Walter Haskell Hinton was a very independent man. An only child, largely homeschooled and self-taught, and a widower most of his life, he remained self-directed even into his last days. He found raising his son Ray and pursuing his art and his reading quite fulfilling, so he did not join clubs or cultivate many friendships. Nor, it seems, did he even associate with other artists. His house was decorated with carved faces and animals and his yard was kept natural, and so William Slater, who grew up nearby, recalls that some local children regarded his house as spooky!
When they had moved to the neighbourhood in the 1950s, William's parents, Bill and Kitty Slater, thought Hinton rather reclusive and isolated, and so they began to invite him to gatherings. He started to get to know the community better and, as more local people became aware of his work, a few came to commission paintings.
John Higgins-Biddle, who grew up as a neighbor of Hinton’s before the Slaters arrived, does not remember Hinton as either reclusive or mysterious. He writes, “He worked hard and regularly in his yard, his pipe in his teeth or pocket. He was one of the first environmentalists long before the term existed. He was a forceful opponent of the town's spraying to kill mosquitoes, which he claimed also killed the birds. He composted everything and was a valued source of information to our family and others about how to care properly for trees, shrubs, grass, etc. Indeed, in the winter of 1948-49 rabbits ate the bark off a small magnolia tree we had planted to celebrate the birth of our sister. Mr. Hinton advised we wrap the stems carefully with cloth and cover that with foil. If you visit today, you'll see that tree not only survived but is one of the largest, most beautiful magnolias in Glen Ellyn.” Hinton’s appreciation for the environment is especially expressed in his popular calendar paintings, which celebrate native animals and plants so much.
Hinton only seemed reclusive; in fact, when he was socializing, he was an engaging, extroverted speaker who could fascinate his listeners with his encyclopedic knowledge and colorful tales. Self-confident and widely read, he never shied from a sporting argument, and as a man of his times, and proud, he did not easily let go of beliefs that had been with him all his life. He had an impish streak, keeping cheap wine in expensive bottles in his cellar, and dressing up at Halloween for the kids who wended their way past the big bushes and trees to his door.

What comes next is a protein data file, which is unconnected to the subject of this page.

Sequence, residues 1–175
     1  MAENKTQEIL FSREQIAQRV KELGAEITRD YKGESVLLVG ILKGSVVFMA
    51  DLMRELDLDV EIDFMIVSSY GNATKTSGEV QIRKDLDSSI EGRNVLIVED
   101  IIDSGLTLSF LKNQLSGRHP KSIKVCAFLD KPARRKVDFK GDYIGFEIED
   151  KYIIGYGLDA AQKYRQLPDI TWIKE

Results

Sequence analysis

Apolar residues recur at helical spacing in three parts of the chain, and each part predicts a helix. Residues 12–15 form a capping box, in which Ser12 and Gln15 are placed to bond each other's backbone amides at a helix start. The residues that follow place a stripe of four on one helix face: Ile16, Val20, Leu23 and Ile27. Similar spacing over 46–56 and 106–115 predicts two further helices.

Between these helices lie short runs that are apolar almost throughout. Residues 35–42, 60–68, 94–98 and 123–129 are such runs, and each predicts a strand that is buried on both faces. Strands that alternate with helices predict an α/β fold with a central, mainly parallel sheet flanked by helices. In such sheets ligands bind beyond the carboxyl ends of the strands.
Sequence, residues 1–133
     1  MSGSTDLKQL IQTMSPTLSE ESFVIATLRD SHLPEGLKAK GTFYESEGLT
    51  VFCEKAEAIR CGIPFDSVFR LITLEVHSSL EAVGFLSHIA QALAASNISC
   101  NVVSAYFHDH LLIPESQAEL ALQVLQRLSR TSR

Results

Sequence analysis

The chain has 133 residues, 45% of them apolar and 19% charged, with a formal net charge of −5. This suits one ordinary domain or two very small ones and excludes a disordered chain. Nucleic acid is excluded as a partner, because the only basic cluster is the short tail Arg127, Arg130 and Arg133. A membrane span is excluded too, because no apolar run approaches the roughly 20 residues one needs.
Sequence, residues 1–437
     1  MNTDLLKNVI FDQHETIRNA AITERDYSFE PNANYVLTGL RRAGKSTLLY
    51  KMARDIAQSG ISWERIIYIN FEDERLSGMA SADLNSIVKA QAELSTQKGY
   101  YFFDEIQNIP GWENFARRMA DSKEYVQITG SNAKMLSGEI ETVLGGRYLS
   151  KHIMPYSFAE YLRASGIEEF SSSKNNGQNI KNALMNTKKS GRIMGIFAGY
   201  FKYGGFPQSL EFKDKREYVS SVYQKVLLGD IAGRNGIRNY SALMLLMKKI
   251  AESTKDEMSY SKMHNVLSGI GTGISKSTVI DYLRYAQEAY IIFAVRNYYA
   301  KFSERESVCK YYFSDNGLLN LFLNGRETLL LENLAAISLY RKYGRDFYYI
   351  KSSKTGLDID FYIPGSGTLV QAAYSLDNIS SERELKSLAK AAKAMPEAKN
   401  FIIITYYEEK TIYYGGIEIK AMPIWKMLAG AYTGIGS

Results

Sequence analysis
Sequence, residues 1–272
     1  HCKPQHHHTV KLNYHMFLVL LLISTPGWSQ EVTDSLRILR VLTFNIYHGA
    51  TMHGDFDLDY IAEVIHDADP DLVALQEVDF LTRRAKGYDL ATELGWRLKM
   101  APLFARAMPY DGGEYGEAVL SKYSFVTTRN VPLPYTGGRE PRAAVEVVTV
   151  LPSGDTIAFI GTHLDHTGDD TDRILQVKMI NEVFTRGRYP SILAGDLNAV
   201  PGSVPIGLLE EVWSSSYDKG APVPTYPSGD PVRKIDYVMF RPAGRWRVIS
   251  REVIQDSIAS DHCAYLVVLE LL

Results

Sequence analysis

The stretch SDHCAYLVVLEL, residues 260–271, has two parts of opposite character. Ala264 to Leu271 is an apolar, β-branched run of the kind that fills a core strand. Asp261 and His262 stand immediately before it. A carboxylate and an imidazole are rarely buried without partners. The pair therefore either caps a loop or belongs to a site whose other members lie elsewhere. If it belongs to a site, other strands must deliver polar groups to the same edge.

Hinton had the air of a Victorian gentleman, even wearing spats into the 1950s. For a few lucky boys, Hinton was an awesome figure and he had a significant impact on their lives. Kitty Slater remarks that her children's lives were greatly enriched by living next door to the house that everyone inevitably compares to a museum, with this fascinating and erudite man inside. Her son Bill used to visit and watch Hinton paint. In particular, Hinton educated his guests about native culture. Says Bill Slater, "I grew up with Westerns on TV and all that. I didn't know difference between an Apache, a Crow; Mr. Hinton opened me up to the concept that that Indians came from all over, like the Southwest or Alaska, and that they had different cultures. And he was thrilled to be telling you about it. He would point out the differences between costumes and weapons of all the different tribes. My previous idea of Indians was 'circle the wagons' and they shoot everybody."
An army friend of his son Raymond once remarked that Ray revered his father - and those who knew Walter say he cherished his son equally. After Ray left home for the Army Air Corps in 1940, and Walter’s mother died in 1944, Walter’s house was a lot emptier. In 1952, a neighbor, Bill Heald, asked if Hinton would teach his grandson, 6-year-old William Rathje, how to draw and paint. Hinton declined, saying that painters who teach cease to be painters. So Mr. Heald asked if the little boy could come do some yard work on Saturdays, and then as a reward sit and watch Hinton work.
This Hinton heartily agreed to - and over about 10 years, young Bill Rathje gradually developed into a kind of apprentice, although not the traditional kind who would have assisted Hinton on his work. Instead, Bill completed his own drawings and paintings, and Hinton would then - with Bill's permission - touch up them up here and there, to demonstrate an improvement rather than critiquing or questioning Bill's efforts. He says today, "After my immediate family, Mr. Hinton had the most influence in my life." He is especially grateful Hinton never once said a critical word, but let him develop at his own pace in a process of self-directed discovery, always treating him as an equal. Hinton cautioned his protégé not to go into art, because there was no longer any money in it - photography had finally displaced illustrators by about 1960. Instead, Bill's training in drawing benefited him in his studies as an anthropologist. His interest in anthropology was also stimulated by Hinton's collection of non-Western art and his knowledge of other cultures. William Rathje is now a renowned expert on the anthropology of garbage.
Another boy who loved Hinton was the grandson of the man who owned the local shooting range, where Hinton would spend some leisure hours. This boy came to know Hinton well later in life, as he would come by to work on the house. Through visiting and being treated to Hinton's lively lectures about the series of Native American paintings, the boy, by then a man, developed a deep respect for Hinton's art; the works he came to own are among his prized possessions.